John Wayne, Marlene Dietrich on the set of "The Spoilers" directed by Ray Enright circa 1942  | Source: Getty Images

However, as soon as the priest left, Sáenz raised the issue again, and it was at this point Wayne realized their marriage was over.

John Wayne

Here Are the American Film Institute’s Top 10 Westerns of All Time

The American Film Institute decided the top 10 Westerns of all time and we’ve got the 411 on the ones that ranked. People have always loved Westerns, and we’ve listed 8 of the most popular according to AFI.

First up, Cat Ballou, the 1965 Western comedy from Elliot Silverstein. It starred Jane Fonda as Cat and Lee Marvin in a dual role as both the man who killed Cat’s father and the gunslinger who helps her get revenge. Narrated through song by Nat King Cole and Stubby Kaye, what made “Cat Ballou” so special was the female lead, which was rare for a Western.

Next, John Ford’s turning-point 1939 film, Stagecoach. It starred John Wayne and Claire Trevor. The film follows a group of interesting characters as they travel in a stagecoach together, which paved the way for the road trip trope. The passengers have to contend with the Ringo Kid, an outlaw, and the threat of Apache attack as they travel to New Mexico in the 1880s.

McCabe & Mrs. Miller, Robert Altman’s 1971 film, was a Revisionist Western piece starring Warren Beatty and Julie Christie. The film follows gambler John McCabe as he upstarts a successful brothel in a Washington town with Constance Miller’s help. The two strike up a romance, but when a mining company offers to buy his property, McCabe refuses.

No list of Westerns would be complete without Butch Cassidy and the Sundance Kid. The 1969 film from George Roy Hill starred Paul Newman as Butch Cassidy and Robert Redford as the Sundance Kid. The two got into all sorts of trouble, fleeing from the law after train robbing. The pair escape to Bolivia, but find they must fight the urge to commit crimes.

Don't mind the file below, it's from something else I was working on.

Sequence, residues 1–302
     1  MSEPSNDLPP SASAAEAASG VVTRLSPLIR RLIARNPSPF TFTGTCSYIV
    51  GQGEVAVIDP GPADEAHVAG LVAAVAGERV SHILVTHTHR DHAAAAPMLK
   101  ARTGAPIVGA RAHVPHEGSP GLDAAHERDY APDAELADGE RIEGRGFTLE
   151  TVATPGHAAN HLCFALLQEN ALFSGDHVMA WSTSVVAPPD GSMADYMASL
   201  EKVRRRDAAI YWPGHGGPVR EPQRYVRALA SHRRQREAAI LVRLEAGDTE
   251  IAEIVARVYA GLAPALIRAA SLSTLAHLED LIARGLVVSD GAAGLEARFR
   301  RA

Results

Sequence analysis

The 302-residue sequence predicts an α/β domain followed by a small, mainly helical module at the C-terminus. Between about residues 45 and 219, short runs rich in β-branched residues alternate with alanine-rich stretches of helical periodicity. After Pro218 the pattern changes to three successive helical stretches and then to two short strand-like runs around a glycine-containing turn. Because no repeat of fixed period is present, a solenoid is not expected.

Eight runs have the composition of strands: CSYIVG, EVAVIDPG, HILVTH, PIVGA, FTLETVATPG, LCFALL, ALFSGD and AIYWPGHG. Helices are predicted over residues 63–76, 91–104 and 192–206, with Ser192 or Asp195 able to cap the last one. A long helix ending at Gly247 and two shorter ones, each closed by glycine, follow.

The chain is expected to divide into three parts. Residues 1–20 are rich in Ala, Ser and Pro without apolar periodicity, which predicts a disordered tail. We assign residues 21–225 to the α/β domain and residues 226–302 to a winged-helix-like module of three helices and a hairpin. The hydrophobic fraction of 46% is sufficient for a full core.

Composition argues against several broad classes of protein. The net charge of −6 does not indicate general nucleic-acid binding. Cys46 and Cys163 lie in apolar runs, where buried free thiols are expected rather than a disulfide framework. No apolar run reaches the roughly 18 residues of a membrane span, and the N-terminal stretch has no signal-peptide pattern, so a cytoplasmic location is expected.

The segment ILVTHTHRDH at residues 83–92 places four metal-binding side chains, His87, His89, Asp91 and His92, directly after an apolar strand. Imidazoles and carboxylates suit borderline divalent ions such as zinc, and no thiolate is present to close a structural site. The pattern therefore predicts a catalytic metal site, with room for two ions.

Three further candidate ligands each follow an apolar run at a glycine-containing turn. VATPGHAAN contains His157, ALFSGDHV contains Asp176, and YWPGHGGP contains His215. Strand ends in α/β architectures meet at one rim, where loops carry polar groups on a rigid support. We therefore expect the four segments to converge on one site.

AFI’s Top Ten Westerns: Stagecoaches, Shoot-Outs, and Searchers

Sam Peckinpah’s The Wild Bunch comes up next. The 1969 Western starred William Holden, with Ernest Borgnine, Warren Oates, and Ben Johnson as his gang. The outlaws prepare to go through with a heist, only to find out the whole thing is a setup. The film is full of gratuitous violence and bloody shootouts; sure to satisfy fans of more gory Westerns.

Up next on the list, Red River. This 1948 Howard Hawks film follows John Wayne as Thomas Dunson, who aims to drive his cattle to Missouri for a better price. Montgomery Clift stars as Matt Garth, an orphaned youth whom Thomas takes under his wing. The film was shot on a grand scale, with sweeping landscapes and plenty of cattle. This is a must-watch for those who love big Westerns.

Then, Western star Clint Eastwood took a stab at directing his own with 1992’s Unforgiven. Starring Eastwood and co-starring Gene Hackman, Morgan Freeman, and Richard Harris, the film follows Eastwood’s William Munny as he comes to town to catch a group of bandits. Harris’ English Bob comes to town as well, for the same reason, and the two outlaws clash with the local sheriff.